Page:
|12.8 cm Flak 40|
A static mounted 12.8 cm Flak 40.
|Place of origin||Nazi Germany|
|Used by||Nazi Germany|
|Wars||World War II|
|Number built||Total 1,125|
|Variants||12.8 cm FlaK 40|
12.8 cm FlaK 40 Zwilling
|Weight||17,000 kg (37,478 lbs)|
|Length||7.835 m (25 ft 8 in)|
|Barrel length||61 calibers|
|Caliber||128 mm (5.03 in)|
|Carriage||Static or railcar mounted.|
|Elevation||-3 to +88 degrees|
|Muzzle velocity||880 m/s (2,887 ft/s)|
|Maximum range||10,675 m (35,025 ft)|
|Feed system||Power rammer|
Development of the gun began in 1936, with the contract being awarded to Rheinmetall Borsig, the first prototype gun was delivered for testing in late 1937 and completed testing successfully. The gun weighed nearly 12 tonnes in its firing position, with the result that its barrel had to be removed for transport. Limited service testing showed this was impractical, so in 1938 other solutions were considered.
The eventual solution was to simplify the firing platform, based on the assumption it would always be securely bolted into concrete. The total weight of the system reached 26.5 tonnes, making it practically impossible to tow cross-country. In the end this mattered little, since by the time the gun entered production in 1942, it was used in primary static defensive applications. There were four twin mounts on the fortified anti-aircraft Zoo Tower, and they were also on other flak towers protecting Berlin, Hamburg, and Vienna. Approximately 200 were mounted on railcars, providing limited mobility.
The gun fired a 27.9 kg (57.2-pound) shell at 880 m/s (2,890 ft/s) to a maximum ceiling of 14,800 m (48,556 ft). Compared with the 88mm FlaK 18 & 36, the 128 used a powder charge four times as great which resulted in a shell flight time only one-third as long. This made aim against fast-moving targets much easier.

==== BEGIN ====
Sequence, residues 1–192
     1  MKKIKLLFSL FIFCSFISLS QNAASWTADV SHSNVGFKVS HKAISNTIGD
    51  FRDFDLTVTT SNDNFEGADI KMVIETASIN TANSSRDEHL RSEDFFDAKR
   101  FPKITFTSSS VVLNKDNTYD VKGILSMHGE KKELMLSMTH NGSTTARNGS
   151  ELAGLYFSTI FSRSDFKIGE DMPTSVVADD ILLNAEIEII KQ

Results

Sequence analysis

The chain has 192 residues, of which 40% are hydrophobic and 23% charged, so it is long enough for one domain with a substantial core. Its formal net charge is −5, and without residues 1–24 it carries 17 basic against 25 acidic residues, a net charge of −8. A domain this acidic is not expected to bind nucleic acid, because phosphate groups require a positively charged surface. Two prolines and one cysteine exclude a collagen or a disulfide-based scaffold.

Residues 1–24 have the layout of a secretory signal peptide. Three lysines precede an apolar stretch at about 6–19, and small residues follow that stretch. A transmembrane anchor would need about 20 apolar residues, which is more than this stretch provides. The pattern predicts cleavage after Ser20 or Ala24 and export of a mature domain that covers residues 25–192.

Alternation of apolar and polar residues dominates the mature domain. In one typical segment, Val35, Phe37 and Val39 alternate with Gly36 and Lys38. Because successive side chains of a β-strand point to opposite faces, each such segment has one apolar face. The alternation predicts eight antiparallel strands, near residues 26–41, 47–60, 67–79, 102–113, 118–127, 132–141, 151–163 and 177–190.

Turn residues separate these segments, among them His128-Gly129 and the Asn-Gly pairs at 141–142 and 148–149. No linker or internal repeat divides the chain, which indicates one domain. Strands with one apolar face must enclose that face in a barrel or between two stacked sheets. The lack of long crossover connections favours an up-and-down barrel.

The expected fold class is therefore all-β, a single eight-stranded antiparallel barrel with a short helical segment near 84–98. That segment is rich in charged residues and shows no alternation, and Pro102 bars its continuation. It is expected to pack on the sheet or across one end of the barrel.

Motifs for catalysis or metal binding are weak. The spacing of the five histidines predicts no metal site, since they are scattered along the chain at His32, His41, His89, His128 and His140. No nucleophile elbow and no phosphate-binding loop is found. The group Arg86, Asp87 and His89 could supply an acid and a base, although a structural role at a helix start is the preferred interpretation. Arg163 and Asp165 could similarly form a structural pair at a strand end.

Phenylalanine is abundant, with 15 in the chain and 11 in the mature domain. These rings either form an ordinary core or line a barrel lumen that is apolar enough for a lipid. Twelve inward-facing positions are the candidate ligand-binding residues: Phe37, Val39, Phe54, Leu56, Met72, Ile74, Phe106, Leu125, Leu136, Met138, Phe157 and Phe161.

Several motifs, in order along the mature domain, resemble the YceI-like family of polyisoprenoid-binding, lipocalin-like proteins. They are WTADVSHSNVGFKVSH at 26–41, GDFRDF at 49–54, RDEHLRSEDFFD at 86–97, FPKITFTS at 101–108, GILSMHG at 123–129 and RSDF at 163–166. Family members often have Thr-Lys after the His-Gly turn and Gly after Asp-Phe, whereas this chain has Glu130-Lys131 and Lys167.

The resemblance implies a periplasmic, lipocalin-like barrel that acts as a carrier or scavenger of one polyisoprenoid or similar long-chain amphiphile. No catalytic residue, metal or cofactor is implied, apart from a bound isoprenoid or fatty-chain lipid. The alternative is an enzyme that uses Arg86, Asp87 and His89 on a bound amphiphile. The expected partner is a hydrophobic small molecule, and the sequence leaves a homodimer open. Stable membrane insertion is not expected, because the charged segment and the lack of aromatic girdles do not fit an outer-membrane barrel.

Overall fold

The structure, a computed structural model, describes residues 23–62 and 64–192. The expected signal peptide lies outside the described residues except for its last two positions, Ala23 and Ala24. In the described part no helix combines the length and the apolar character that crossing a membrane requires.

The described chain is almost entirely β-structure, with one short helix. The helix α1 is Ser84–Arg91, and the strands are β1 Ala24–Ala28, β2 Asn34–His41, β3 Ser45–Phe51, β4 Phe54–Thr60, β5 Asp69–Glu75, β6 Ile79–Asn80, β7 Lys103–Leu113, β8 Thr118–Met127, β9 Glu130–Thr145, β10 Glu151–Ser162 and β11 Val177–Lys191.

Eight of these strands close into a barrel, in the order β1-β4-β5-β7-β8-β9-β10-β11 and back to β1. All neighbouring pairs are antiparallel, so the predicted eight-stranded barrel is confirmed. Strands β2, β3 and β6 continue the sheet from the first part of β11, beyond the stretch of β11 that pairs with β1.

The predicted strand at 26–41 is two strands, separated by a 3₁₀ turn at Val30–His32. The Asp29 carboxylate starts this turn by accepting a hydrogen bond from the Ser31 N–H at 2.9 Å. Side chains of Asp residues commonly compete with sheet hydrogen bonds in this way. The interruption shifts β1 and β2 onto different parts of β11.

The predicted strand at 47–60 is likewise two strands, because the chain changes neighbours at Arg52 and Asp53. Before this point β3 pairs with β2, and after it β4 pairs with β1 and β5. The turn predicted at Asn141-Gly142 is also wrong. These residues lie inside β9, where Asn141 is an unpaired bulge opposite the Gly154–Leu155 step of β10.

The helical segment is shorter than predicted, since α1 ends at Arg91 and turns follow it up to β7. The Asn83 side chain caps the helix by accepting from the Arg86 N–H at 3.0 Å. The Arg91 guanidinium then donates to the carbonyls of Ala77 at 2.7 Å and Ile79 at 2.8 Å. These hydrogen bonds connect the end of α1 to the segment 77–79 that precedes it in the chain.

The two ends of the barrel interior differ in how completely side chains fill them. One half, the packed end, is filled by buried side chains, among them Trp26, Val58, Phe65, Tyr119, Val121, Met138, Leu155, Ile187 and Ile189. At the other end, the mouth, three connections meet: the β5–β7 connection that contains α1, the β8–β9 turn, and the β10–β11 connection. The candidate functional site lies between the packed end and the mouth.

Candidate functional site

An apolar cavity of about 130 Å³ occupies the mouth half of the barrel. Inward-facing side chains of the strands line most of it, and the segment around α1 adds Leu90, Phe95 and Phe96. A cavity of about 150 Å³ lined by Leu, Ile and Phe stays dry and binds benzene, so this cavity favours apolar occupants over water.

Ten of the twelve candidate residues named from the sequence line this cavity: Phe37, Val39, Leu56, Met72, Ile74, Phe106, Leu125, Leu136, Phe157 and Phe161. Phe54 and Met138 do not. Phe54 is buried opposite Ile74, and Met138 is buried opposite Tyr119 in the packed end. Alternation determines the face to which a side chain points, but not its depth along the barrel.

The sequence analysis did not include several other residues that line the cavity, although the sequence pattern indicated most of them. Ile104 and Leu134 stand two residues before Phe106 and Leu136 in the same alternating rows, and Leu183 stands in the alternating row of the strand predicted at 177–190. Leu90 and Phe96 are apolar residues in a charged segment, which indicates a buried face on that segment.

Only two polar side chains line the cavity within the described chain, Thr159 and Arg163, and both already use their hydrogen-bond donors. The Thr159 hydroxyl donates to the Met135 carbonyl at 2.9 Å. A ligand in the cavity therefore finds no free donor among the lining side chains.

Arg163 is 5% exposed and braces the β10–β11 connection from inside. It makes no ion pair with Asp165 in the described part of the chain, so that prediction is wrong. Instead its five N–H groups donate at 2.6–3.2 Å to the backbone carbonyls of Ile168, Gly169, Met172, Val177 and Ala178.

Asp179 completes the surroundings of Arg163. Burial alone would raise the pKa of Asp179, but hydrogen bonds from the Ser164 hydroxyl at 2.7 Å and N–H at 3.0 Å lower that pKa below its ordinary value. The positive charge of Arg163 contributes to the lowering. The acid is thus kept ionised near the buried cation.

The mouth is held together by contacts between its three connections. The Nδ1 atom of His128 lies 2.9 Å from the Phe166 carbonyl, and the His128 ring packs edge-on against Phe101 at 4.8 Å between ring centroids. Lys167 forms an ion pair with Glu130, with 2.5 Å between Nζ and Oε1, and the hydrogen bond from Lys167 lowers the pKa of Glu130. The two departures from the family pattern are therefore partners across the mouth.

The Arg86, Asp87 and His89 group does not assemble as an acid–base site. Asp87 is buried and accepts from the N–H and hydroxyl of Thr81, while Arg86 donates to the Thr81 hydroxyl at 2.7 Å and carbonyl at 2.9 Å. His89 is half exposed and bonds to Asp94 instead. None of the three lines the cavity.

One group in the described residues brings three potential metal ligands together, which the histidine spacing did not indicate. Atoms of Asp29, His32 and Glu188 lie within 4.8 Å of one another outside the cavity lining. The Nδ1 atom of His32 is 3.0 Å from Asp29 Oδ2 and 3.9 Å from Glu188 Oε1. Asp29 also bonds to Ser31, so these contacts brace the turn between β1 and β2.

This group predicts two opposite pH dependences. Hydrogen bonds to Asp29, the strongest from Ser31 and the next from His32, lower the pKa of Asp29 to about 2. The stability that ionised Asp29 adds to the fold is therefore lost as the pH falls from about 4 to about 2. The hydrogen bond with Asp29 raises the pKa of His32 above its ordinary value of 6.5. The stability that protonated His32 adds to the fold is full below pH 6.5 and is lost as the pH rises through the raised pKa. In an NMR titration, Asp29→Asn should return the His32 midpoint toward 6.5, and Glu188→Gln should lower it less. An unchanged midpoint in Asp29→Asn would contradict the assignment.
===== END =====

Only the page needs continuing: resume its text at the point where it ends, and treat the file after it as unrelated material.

Variants[edit | edit source]
- 12.8 cm FlaK 40
- 12.8 cm FlaK 40 Zwilling Twin mounted anti-aircraft, capable of firing 20 rounds per minute. Used mainly on flak towers. Production started in 1942 with 10 twin sets produced, another eight in 1943, and in February 1945 a total of 34 were available.
- 12.8 cm PaK 40 A derivative anti-tank gun, rejected in favour of the Krupp 12.8 cm Pak 44, used to arm the Sturer Emil prototypes
References[edit | edit source]
- Westermann, Edward B. Flak: German Anti-aircraft Defenses 1914-1945 (2005); pp. 108, 128-129.
- Gander, Terry and Chamberlain, Peter. Weapons of the Third Reich: An Encyclopedic Survey of All Small Arms, Artillery and Special Weapons of the German Land Forces 1939-1945. New York: Doubleday, 1979 ISBN 0-385-15090-3
- Hogg, Ian V. German Artillery of World War Two. 2nd corrected edition. Mechanicsville, PA: Stackpole Books, 1997 ISBN 1-85367-480-X
- Hogg, Ian V. (2002). Anti-aircraft artillery. Crowood Press. ISBN 1-86126-502-6.
[edit | edit source]
- 12.8 cm FlaK 40 Zwilling on display at the U.S. Army Air Defense Artillery Museum
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